Neither service has data caps, and both services offer strong multi-device support: You can use up to five devices at once on ExpressVPN and up to 10 devices at once on Private Internet Access.
Each of these services offers strong value to shoppers, too. ExpressVPN isn't the cheapest VPN service out there, but it's one of the best, which makes the ExpressVPN pricing look very reasonable. Private Internet Access is incredibly cheap, particularly when it’s running one of its frequent sales. Both services are cheaper when you pay up front for six months or more, which is typical of VPN services. Private Internet Access prices are clearly lower, though, which gives it an edge here.
Boy, is this a tough call. Both of these VPN services are superb options. ExpressVPN is a critical darling and a stable of our recommendations for the best VPN service — though we update our picks frequently, ExpressVPN is virtually always in the mix. But Private Internet Access is a favorite of ours, too, and it also often appears among our top picks. And if you ask the staff of CordCutting.com which VPN service they use at home, you'll find that each of these services has its fans among our staff.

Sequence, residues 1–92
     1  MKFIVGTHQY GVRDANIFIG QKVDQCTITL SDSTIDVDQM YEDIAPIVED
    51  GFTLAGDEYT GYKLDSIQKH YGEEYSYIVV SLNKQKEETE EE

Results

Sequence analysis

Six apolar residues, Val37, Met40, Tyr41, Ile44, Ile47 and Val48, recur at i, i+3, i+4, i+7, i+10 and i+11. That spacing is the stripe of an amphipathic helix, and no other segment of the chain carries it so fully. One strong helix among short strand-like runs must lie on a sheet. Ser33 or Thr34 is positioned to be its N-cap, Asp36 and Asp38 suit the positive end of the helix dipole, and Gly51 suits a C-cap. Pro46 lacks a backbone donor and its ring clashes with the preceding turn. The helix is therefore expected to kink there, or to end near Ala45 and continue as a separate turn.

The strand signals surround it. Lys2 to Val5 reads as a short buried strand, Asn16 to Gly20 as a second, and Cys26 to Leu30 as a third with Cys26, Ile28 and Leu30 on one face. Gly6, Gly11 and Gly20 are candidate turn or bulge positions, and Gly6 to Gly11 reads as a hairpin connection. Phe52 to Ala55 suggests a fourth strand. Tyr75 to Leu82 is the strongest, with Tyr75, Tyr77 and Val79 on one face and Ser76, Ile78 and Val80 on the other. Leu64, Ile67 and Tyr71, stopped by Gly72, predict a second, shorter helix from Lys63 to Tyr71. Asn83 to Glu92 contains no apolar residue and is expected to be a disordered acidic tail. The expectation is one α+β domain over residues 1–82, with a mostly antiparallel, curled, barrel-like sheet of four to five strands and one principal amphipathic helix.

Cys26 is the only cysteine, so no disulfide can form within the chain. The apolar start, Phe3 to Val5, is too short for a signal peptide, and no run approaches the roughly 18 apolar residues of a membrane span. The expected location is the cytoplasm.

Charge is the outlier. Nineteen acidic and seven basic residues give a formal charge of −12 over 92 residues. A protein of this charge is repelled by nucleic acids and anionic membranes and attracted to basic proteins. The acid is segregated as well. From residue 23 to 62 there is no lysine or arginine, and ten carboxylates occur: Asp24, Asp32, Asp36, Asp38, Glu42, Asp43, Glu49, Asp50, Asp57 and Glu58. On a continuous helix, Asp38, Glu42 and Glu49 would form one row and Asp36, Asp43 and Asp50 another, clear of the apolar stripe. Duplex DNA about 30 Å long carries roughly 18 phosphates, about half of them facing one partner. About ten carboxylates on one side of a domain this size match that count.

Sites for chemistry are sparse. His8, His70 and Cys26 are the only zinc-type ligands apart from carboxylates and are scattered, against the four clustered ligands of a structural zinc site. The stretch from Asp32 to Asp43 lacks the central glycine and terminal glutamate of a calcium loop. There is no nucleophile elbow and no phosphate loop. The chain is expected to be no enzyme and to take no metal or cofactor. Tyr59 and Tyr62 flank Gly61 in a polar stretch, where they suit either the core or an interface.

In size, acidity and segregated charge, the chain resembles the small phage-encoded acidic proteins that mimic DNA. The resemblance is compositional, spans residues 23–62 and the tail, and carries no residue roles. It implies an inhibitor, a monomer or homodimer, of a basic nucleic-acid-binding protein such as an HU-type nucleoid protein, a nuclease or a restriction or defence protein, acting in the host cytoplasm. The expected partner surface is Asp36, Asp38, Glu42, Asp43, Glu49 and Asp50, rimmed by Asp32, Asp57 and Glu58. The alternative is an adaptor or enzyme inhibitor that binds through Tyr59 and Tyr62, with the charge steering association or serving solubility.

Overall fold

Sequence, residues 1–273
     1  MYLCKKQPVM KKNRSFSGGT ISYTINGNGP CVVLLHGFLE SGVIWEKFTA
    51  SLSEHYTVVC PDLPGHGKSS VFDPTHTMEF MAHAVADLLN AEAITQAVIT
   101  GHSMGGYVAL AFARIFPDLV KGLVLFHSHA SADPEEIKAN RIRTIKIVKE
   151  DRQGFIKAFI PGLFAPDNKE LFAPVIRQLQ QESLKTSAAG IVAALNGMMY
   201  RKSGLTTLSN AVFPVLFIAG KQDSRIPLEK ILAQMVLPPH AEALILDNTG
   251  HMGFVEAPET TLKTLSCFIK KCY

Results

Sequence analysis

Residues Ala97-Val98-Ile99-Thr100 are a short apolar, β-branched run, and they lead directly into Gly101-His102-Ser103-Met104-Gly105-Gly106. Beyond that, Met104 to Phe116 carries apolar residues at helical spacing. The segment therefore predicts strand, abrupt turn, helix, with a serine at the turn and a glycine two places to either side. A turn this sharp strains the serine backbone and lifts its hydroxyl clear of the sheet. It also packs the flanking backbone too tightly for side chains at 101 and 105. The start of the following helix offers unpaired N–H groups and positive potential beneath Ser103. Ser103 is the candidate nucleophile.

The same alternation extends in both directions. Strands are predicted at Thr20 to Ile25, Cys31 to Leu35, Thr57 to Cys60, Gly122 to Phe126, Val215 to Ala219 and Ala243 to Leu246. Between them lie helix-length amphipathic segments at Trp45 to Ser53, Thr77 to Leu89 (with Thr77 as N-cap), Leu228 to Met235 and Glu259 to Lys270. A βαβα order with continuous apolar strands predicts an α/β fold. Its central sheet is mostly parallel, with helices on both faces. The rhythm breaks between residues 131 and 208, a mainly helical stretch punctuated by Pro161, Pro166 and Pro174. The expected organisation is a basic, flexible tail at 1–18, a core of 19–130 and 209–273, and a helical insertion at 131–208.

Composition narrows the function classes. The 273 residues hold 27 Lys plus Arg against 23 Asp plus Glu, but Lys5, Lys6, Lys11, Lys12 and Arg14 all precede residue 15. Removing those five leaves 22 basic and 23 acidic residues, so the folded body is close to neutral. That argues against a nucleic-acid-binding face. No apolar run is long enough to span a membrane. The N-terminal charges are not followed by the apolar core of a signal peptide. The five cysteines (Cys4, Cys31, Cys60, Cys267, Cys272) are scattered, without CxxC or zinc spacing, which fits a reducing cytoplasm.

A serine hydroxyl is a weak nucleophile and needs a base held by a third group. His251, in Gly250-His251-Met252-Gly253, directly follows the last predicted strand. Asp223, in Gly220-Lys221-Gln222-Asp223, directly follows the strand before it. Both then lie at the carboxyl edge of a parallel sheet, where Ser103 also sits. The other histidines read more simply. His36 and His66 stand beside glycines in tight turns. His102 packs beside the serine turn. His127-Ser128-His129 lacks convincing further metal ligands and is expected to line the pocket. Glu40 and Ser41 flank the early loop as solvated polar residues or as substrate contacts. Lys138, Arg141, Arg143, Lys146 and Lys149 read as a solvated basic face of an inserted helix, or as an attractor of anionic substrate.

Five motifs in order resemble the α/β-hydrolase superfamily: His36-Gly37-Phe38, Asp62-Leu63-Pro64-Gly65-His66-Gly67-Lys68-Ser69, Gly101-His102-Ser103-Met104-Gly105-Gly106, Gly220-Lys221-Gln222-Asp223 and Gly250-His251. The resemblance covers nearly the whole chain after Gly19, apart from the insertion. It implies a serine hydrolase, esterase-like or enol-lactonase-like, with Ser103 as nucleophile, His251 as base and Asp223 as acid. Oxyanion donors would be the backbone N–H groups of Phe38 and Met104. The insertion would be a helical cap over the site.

ExpressVPN is, in many ways, the gold standard among VPN services: It's secure, fast, and an absolute pleasure to use. It performed exceptionally in our ExpressVPN review, and we highly recommend it. For most users, ExpressVPN is just about as good as it gets in the world of VPNs.
But Private Internet Access is also in the very top tier of VPN services, and there's almost no daylight between it and ExpressVPN. If the current prices make Private Internet Access cheaper (as is often the case), then you'd be wise to consider it. This is particularly true for advanced users who want to tinker with PIA's range of advanced options.
Your email address will not be published.
Save my name, email, and website in this browser for the next time I comment.